Swiss Saturday: I Learned I’m a Scofflaw

I’ve lived in Switzerland for almost 11 years, and yet there are still new things for me to learn. Like, for instance, I learned that this picture may be illegal:

It’s not potentially illegal because it shows people about to go torch city hall, even though it may look that way.

It’s potentially illegal because there are humans in there and I didn’t get their permission to take the picture or share it on the internet. I have no idea who these people are.

Also, they are just participating in Chienbäse, which is part of the Fasnacht celebration in Liestal, which is a nearby town. It’s an old celebration where they march through confetti covered streets with fire while everyone is drunk. Here’s a great video:

But, I digress. We were talking about illegal photos. Or videos, for that matter. This person doesn’t have express permission to film these people either.

See, in the United States, there’s no expectation of privacy when you’re in public. You can take a picture of just about anyone and anything.

But, in Switzerland, you have the (limited) right not to be photographed, or rather to have the photo deleted if someone takes one without permission.

Now, there are exceptions, of course! And, chances are both my photo and this video fall into the exceptions, because the photos/film isn’t focused on a person, but people happen to be in the pictures. News is exempt, of course. So is art. If you’re taking a picture of your child and someone else is in the background, as long as that person isn’t the focus, it’s probably okay.

I say probably, because it’s not entirely clear what counts as art and what counts as focusing on a person and what counts as news.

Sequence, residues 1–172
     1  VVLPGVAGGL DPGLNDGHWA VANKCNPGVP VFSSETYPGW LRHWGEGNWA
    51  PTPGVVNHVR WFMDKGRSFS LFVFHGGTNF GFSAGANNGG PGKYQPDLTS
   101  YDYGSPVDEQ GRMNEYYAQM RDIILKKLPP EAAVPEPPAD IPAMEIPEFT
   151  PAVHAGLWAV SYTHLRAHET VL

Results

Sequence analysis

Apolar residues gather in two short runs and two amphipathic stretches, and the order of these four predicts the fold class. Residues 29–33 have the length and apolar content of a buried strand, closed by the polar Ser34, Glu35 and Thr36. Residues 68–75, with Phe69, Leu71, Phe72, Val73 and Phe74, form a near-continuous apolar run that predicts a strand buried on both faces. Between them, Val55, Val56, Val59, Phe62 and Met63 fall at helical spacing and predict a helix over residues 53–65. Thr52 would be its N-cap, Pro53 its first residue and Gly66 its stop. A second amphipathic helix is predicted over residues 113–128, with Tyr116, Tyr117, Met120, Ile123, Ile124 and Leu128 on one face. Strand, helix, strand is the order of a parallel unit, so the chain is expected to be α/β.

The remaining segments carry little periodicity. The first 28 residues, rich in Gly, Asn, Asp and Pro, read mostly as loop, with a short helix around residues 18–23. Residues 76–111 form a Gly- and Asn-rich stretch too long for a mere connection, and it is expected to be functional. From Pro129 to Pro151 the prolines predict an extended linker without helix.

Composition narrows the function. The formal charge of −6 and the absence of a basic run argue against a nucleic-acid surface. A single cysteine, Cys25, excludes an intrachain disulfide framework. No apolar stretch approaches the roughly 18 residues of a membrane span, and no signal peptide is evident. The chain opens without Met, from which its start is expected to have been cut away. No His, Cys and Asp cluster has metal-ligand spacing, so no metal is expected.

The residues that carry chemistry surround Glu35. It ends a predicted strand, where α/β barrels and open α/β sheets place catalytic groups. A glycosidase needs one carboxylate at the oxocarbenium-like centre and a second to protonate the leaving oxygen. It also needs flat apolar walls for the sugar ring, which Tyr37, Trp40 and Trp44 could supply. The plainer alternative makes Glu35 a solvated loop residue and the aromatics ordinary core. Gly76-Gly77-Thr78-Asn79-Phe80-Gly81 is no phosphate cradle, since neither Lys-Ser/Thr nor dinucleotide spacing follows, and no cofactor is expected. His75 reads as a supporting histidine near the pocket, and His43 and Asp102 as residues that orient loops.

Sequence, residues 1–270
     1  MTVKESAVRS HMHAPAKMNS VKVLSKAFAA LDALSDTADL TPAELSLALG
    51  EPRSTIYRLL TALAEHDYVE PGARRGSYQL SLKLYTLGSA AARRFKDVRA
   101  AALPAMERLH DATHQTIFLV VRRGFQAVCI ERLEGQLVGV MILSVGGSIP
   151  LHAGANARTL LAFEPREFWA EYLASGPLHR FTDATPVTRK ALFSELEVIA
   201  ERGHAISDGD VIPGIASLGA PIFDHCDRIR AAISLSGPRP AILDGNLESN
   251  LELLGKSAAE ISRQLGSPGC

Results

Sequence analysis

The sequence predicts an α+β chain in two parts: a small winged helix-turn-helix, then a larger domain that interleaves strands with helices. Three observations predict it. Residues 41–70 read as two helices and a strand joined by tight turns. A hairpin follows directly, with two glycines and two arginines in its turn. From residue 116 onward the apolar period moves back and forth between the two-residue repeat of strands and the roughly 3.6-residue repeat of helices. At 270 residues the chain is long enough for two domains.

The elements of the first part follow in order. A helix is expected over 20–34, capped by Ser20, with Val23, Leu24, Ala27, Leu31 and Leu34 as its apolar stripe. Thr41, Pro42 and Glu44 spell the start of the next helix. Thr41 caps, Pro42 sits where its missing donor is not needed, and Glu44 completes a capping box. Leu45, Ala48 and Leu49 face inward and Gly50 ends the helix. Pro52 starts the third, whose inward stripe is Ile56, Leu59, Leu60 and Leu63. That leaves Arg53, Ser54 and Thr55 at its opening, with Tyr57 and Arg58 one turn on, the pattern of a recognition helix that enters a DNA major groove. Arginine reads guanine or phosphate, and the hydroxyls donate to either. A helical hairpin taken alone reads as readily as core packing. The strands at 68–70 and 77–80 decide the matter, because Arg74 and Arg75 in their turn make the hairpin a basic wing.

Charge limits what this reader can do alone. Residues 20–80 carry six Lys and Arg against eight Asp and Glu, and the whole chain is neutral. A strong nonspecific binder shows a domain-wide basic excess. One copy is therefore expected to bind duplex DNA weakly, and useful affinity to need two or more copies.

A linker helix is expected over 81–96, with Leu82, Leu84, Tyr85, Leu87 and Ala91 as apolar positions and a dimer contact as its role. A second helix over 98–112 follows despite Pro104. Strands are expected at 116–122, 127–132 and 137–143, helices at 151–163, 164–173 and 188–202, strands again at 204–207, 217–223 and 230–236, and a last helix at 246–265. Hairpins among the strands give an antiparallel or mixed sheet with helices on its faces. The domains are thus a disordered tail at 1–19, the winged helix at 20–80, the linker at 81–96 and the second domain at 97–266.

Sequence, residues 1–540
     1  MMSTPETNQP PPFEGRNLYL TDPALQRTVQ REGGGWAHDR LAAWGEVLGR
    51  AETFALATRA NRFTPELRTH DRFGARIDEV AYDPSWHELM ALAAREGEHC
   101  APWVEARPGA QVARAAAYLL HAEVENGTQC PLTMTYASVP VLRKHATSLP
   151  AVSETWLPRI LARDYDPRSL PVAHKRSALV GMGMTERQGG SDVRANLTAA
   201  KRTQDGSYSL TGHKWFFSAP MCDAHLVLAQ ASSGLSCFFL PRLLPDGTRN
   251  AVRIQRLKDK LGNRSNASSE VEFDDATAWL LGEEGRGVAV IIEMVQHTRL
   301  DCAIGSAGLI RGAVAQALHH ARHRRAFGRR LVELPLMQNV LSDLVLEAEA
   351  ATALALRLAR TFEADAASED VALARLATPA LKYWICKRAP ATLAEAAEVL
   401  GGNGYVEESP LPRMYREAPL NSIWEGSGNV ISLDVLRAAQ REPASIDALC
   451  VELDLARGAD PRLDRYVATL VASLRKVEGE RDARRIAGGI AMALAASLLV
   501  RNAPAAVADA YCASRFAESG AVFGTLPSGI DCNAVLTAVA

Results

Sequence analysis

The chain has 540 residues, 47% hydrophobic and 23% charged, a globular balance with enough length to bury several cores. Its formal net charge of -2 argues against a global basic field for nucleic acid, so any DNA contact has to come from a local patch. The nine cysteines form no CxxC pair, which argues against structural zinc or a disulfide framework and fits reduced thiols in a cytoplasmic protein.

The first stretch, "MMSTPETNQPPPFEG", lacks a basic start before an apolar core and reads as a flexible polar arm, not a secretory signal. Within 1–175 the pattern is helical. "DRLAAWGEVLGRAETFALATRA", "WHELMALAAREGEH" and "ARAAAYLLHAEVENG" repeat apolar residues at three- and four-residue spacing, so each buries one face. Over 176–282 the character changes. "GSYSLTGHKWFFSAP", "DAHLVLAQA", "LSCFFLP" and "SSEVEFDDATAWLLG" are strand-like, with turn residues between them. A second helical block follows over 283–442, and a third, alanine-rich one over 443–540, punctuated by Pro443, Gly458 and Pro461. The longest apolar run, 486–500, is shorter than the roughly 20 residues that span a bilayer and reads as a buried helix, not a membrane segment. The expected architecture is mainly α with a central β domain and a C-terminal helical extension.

However, clearly having lived here for 11 years and just learning about this a week ago, I can say it’s not enforced and not a big deal. However, it would prevent a “People of Walmart” type website of pictures of people in Switzerland.

Good? Bad? I’m not a fan. I agree with the idea that if you’re in public, there’s no expectation of privacy. But, I also think you should be polite and not take embarrassing pictures of people, nor should you take pictures of other people’s children. But, I don’t want to make it illegal.

And, it turns out that I don’t take a lot of pictures that include identifiable anonymous people. So, I’m not a very good scofflaw.

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4 thoughts on “Swiss Saturday: I Learned I’m a Scofflaw

  1. Well, law can merely be a way to draw lines, rather than to force people to stay in them. A busybody may think it’s good, so they can complain. However, if they’re judged a busybody, the complaint might lead to nowhere.

  2. Not HR-related, but I find this so interesting. I lived in Illnau, Switzerland (outside of Zurich) for a year in the mid-90s. While there I had my third child. I found going in public challenging at first because people in Switzerland have a very different concept of personal space than I did as an American, and to them staring directly and intently at others while inside a personal space zone was totally acceptable behavior. How odd that they are on board for staring you down from head to toe while standing 12-18 inches from you, but they expect privacy. Have you noticed how close a reserved Swiss person will stand near you while totally scoping you out?

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